Elqui Wines: The Northern star of Chilean winemaking

Meet winemaker Steffan Jorgensen and Find out about his Unique wines

I wonder if it was a mistake to start my Chilean wine tour in the Elqui valley visiting Elqui Wines. Why? Because I don’t think it can get any better. Why? Because I tasted some mind blowing red wines and learned about a truely unique region.

Let me tell you a little bit about the Elqui valley, the winery and the people behind it as well as show you the wines I was invited to taste. I hope you will get curious about the region as well as Elqui Wines.


If you order your wine here, this is what you will get – from the outside.


The Elqui Valley: Where Vines have to struggle a bit

This valley is the most Northern wine growing region of Chile. It borders the Atacama desert, the world’s driest desert, in the North, the Andes in the East and the Pacific in the West. But how does this influence wine growing? Well, it’s dry, very dry, there is a lot of sunshine which is good for a continuous growing period. But at the same time the Pacific blows its cold wind, known as the Humboldt current, directly into the valley. There are no coastal ranges as in other parts of Chile that function as a barrier. This wind cools down the air and brings freshness and saltiness into the vineyards. Continue reading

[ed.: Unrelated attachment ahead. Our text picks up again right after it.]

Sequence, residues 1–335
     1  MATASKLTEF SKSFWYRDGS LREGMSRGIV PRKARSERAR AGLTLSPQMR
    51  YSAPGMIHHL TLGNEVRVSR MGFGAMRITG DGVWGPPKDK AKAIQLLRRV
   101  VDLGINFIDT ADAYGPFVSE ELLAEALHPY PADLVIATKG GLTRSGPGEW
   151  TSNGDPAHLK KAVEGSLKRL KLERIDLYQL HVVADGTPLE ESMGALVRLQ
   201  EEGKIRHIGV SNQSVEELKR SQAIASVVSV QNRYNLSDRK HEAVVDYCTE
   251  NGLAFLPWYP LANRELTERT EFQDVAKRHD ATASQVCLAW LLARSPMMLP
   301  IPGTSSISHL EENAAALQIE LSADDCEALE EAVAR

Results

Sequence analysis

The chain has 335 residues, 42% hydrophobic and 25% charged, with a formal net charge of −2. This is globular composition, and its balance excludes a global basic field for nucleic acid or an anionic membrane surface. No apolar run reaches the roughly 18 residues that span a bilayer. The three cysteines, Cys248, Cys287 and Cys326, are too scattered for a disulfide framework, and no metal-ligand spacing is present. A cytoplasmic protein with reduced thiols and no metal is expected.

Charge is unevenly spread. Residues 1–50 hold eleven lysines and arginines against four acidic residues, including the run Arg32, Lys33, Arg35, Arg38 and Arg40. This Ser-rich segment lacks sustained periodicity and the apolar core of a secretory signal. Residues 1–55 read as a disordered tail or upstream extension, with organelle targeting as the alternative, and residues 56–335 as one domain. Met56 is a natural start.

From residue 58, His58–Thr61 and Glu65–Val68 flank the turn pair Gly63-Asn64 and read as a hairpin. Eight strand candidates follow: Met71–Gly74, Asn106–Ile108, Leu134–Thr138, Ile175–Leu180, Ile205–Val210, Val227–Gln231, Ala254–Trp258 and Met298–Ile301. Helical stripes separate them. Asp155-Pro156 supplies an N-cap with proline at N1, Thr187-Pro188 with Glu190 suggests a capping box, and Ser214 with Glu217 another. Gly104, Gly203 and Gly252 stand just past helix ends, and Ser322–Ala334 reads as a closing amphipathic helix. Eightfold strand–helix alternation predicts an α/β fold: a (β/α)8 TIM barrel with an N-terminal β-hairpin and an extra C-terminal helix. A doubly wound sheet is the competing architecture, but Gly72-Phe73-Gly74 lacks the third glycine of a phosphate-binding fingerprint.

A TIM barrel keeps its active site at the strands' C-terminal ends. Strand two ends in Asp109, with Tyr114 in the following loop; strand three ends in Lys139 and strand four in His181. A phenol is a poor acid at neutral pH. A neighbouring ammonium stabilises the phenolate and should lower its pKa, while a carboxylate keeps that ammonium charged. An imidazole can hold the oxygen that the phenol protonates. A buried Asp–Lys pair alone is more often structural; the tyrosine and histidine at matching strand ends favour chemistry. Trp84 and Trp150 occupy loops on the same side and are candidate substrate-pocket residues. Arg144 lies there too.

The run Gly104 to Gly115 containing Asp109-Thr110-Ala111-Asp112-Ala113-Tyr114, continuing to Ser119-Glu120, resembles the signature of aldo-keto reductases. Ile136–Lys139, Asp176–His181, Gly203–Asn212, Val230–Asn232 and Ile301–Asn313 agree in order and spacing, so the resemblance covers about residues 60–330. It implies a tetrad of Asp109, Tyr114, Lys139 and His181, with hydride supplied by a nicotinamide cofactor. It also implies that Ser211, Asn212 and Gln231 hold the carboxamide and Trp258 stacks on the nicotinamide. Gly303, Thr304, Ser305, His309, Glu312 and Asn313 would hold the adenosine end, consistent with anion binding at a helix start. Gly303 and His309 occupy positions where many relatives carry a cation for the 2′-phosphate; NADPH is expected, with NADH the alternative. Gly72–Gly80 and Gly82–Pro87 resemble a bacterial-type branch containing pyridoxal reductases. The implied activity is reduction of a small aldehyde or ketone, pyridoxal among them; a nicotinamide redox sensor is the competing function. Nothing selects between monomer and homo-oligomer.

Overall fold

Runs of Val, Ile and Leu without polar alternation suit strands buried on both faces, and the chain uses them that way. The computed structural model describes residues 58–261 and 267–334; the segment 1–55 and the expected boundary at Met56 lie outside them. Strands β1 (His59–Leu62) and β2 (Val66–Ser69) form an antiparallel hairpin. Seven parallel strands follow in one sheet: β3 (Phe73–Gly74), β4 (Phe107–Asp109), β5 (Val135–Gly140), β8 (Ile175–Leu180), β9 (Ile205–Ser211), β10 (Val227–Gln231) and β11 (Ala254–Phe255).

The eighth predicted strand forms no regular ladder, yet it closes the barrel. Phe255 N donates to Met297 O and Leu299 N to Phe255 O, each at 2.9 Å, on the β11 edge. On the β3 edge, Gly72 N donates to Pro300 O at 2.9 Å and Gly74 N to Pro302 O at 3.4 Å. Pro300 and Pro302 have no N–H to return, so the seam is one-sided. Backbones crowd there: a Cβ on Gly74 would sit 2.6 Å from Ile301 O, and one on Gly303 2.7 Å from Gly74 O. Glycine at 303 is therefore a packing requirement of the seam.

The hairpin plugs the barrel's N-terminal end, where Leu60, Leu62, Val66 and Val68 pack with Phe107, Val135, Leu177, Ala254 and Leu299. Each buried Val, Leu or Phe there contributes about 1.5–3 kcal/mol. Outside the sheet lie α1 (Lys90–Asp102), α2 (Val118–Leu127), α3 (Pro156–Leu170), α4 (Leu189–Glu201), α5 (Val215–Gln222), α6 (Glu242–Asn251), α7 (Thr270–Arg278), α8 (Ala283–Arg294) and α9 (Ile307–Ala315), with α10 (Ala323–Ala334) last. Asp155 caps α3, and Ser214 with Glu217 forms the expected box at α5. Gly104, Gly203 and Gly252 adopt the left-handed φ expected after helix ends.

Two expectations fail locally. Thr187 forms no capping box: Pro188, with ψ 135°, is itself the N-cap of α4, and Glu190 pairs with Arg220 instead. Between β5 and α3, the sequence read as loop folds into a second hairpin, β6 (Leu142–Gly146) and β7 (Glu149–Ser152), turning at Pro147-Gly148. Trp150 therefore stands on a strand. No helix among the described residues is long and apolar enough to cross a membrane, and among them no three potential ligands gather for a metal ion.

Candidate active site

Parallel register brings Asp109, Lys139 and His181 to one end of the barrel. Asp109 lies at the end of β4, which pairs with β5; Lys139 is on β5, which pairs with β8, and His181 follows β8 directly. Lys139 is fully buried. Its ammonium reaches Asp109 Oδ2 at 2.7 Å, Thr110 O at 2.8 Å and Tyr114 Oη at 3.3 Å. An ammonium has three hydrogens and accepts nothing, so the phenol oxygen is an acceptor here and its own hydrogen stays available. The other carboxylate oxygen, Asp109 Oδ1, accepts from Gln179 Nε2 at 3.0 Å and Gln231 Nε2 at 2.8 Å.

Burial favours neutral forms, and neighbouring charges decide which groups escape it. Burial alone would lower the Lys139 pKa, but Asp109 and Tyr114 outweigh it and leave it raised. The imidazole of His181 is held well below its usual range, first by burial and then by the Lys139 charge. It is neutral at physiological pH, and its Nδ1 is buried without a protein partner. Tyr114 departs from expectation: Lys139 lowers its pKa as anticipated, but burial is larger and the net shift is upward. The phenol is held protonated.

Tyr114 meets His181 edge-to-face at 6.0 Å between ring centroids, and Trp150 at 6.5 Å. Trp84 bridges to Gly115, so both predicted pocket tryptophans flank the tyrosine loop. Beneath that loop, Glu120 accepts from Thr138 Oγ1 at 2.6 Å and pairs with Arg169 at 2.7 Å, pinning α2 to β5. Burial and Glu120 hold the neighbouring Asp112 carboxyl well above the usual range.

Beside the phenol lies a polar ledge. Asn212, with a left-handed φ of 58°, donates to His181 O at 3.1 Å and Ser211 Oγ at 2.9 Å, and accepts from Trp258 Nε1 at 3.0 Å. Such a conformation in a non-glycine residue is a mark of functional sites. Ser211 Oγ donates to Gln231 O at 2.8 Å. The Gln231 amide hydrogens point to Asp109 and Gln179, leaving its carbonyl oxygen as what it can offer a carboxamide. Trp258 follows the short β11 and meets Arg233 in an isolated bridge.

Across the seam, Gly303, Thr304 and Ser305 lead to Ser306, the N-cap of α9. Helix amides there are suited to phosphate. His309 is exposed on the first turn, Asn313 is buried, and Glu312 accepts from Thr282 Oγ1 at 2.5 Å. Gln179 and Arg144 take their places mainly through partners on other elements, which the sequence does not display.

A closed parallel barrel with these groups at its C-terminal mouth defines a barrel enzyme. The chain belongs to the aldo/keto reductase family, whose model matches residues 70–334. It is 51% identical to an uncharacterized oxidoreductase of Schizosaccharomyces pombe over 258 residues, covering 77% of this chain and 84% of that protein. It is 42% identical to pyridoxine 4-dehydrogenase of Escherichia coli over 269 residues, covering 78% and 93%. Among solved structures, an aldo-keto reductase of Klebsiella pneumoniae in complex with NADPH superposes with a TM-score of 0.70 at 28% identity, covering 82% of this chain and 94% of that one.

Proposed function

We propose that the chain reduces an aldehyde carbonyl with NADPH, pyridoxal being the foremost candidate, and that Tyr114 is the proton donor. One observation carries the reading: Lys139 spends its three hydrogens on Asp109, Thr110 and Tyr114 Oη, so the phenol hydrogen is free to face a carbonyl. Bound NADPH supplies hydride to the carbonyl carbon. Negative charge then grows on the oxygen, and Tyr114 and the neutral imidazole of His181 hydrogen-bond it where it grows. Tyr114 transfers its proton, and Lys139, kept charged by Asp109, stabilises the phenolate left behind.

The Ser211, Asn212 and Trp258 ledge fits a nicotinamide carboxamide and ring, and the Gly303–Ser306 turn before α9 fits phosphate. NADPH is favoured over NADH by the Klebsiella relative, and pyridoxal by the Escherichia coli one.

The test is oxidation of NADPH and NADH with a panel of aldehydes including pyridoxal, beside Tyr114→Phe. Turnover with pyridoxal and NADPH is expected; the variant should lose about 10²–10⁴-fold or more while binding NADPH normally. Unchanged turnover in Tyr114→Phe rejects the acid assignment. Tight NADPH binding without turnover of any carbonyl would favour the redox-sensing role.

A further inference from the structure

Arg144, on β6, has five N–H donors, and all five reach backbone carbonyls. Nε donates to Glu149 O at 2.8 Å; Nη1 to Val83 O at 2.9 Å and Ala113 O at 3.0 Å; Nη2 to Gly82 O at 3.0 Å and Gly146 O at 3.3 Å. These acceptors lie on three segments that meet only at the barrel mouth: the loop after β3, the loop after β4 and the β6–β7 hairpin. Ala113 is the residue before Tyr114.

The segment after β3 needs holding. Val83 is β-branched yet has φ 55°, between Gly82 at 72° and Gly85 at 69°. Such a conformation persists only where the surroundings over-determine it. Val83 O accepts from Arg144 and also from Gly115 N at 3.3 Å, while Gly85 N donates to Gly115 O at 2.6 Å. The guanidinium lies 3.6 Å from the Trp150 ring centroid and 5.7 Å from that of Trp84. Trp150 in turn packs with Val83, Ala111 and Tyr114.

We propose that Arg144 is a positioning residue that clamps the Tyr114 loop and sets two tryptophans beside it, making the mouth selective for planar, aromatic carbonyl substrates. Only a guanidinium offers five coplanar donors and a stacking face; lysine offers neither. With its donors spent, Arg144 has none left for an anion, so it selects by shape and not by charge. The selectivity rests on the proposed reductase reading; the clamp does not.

Roussillion wine region at its best

Meet winemaker CaRrie Sumner: From New York to the South of France

Carrie Sumner and her husband Marcel Bühler run Domaine des Enfants in Maury, in the Roussillion wine region in South of France. The closest biggest city is Perpignan. For a long time, wine making in the Roussillion was dominated by cave cooperatives. This means that individual wine growers would deliver their grapes to the cooperatives which would then make the wine under a cooperative label.


Carrie testing the reds for the upcoming blending.

In recent years, however, the Roussillion saw a change to this practise. An increasing number of wine makers run their own domaines and sell their wines under their own labels. This gives them more flexibility in the whole process of wine growing and making.